Off the beaten track – Ko Jum, Thailand

by Aly Hazlewood on February 3, 2016


Ko Jum Island, 25 miles south of Krabi, is just a short ferry ride away (350 baht, departing Krabi port at 11.30am daily) and is still something of an off-the-beaten-track paradise. Mercifully free of late night bars pumping out cheesy house music along the shoreline, it still has a sleepy, laid back vibe, punctuated by the odd impromptu jam session by local or visiting musicians.


There is no major port or pier on the island yet, so one has to jump off the ferry onto waiting long tail boats at sea - baggage clutched perilously in hand - which then transport you to your chosen accommodation. It is a chaotic experience and you risk a possible soaking, although I’m told this rarely happens.


If staying on the more popular West side of the island, you will land on a long, wide pristine stretch of pale golden sand dotted with rocky outcrops. Swimming is pretty good almost the whole stretch of this coastline, but I’d advise you to wear sea shoes; some of the rocks can be a little on the jagged side. The beaches are fringed by beautiful forests with a diverse variety of trees, not solely coconut palms, so you see a lot of native birds flitting about. Most impressive are the huge Brahminy Kites that soar overhead searching for prey all day long.
It’s wise to bring what you need to Ko Jum, because there is no ATM on the island, and just a handful of little shops and markets, which certainly helps to keep the ‘undiscovered’ vibe of the island alive.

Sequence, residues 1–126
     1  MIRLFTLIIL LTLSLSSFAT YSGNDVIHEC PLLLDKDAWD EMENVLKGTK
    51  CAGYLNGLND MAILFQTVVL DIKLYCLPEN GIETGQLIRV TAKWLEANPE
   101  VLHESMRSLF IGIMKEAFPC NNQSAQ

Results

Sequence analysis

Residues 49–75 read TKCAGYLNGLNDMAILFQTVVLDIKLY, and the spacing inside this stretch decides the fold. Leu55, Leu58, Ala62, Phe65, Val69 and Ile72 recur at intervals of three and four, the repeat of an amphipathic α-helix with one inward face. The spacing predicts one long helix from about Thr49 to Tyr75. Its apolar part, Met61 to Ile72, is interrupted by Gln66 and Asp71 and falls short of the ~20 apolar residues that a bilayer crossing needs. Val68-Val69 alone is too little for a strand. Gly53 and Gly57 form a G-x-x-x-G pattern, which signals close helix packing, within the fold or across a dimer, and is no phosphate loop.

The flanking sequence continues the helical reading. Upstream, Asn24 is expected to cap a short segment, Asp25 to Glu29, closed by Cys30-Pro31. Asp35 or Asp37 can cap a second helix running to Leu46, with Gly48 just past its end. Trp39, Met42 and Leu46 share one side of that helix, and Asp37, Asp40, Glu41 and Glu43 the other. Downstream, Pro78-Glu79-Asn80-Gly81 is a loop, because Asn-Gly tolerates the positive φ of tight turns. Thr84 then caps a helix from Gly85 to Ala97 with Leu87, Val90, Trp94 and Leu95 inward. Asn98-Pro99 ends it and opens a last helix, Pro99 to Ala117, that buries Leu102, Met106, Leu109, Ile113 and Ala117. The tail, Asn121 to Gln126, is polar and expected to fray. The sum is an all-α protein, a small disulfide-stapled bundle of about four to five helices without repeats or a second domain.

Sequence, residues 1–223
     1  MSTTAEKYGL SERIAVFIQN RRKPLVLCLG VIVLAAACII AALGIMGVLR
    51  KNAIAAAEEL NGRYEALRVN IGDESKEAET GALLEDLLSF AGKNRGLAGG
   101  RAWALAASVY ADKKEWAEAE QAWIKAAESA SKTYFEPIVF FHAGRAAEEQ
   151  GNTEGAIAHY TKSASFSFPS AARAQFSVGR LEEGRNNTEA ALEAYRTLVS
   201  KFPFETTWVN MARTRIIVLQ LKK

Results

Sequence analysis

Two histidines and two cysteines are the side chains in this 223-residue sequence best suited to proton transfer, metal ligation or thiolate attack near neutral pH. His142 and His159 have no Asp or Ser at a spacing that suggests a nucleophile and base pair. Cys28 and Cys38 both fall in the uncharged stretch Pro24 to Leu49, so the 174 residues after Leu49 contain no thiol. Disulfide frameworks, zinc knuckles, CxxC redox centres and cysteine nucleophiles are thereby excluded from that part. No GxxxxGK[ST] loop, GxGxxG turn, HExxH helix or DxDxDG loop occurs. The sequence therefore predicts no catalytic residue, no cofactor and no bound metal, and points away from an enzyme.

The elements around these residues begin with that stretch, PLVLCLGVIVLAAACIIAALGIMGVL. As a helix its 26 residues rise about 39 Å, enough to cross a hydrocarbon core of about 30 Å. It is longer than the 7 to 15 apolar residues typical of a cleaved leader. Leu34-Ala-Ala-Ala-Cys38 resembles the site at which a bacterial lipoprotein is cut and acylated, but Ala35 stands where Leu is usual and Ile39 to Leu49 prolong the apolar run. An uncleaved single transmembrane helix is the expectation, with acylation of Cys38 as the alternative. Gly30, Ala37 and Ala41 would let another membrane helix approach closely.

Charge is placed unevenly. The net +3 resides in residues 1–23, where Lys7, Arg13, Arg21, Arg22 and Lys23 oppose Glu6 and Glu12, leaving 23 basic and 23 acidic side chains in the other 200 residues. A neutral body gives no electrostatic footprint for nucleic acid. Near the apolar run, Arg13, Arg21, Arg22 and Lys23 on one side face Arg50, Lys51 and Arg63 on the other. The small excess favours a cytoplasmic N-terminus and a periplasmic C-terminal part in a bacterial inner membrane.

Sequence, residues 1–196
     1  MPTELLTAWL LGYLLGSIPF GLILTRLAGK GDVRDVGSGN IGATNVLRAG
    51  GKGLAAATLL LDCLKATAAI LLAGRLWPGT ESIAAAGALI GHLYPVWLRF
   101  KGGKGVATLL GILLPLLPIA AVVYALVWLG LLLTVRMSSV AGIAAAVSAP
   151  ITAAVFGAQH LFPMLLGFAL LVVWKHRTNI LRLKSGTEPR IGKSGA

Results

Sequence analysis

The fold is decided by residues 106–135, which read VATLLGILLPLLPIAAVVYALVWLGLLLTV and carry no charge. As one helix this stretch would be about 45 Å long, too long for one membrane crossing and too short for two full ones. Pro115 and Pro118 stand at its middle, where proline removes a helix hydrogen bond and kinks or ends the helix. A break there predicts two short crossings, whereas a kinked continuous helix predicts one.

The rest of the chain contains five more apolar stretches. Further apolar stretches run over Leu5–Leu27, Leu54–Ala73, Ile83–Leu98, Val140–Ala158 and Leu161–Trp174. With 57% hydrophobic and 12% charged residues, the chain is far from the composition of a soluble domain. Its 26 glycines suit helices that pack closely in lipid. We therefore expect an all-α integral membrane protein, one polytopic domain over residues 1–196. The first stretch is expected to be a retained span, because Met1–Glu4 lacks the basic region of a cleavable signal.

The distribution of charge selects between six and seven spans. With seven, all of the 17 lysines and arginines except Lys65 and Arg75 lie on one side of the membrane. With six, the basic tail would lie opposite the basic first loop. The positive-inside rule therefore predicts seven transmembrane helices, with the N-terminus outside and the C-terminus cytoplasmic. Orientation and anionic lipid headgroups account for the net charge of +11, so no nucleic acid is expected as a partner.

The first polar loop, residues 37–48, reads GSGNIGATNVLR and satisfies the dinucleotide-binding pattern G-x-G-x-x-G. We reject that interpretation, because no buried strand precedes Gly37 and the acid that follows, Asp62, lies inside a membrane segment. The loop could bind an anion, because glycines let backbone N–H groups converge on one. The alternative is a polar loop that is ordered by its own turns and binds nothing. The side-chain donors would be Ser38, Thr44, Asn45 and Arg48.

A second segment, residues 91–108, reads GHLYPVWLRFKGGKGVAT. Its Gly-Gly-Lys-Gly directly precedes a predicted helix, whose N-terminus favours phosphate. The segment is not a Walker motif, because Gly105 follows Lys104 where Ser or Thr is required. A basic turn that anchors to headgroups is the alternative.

Backpackers can still get a good deal here in high season at a few locations. Simple bamboo bungalows with a fan set back from the beach start at around 250 bath (£5) a night at places like Golden Pearl or New Bungalows but I couldn’t quite bring myself to stay in them, open as they are to bugs, critters and mosquitos. In fact one Spanish girl I met woke to find a King Cobra on the floor of her bamboo bungalow, which clearly is no laughing matter. Another guy had kept some food in his hut and returned to find 6 monkeys having a good tear up inside. So, if like me, your days of roughing it are well and truly over, you have to pay a fair bit more to avoid these pitfalls.
Treehouse at Freedom Villas

At the far south western tip of the beach is Freedom Villas. These treehouse and beach front bungalows have epic views over a picturesque, gently curving turquoise bay, facing a small jungle covered island out to sea. Their cheapest bungalows right now (January 2016) are around 2000 baht a night. There’s also a lovely open air bar, and you can hire sea kayaks by the hour.

Ko Jum Lodge Bar
French-run Ko Jum Lodge, one of my favourite residences on the island, have very well designed and decorated beach bungalows in traditional island style for 5000 baht a night, but include all the mod cons you might want for a truly relaxing beach holiday. Set within a beautifully planted beach front garden next to a small pool.imageThe very chic cocktail bar and restaurant seems mostly to be populated by middle-class, middle-aged European couples who return year after year. The Lodge originally opened 2 days before the terrible tsunami of 2002 hit and was completely decimated, so they’ve done an amazing job of reinstating everything. If I could have afforded to stay here, I would have.
Ko Jum Lodge Bungalow

Bo Daeng is a well known hippy hangout with ramshackle bungalows and tents for hire (but a 40 degree wake up call in a tent? No thanks). Run by two infamous island sisters, it has an immensely laid back vibe. One of the sisters, the wonderful Deela, has the sweetest singing voice and regularly enthralls customers with her melodic tones when jamming with the hippy guests. People come and stay at Bo Daeng a LONG time. We’re talking years.imageIt’s super cheap, electricity-free and wifi free, and has some of the best Thai food on the island for around 100 baht (£2) a dish, with huge portion sizes by Thai standards. Everything here is done on trust, you help yourself to beers, keep a note of what you ate and pay accordingly. It really is something special in this day and age, and I would have stayed here in my twenties just to be part of the little community, but it’s a step too far towards a squat for me these days.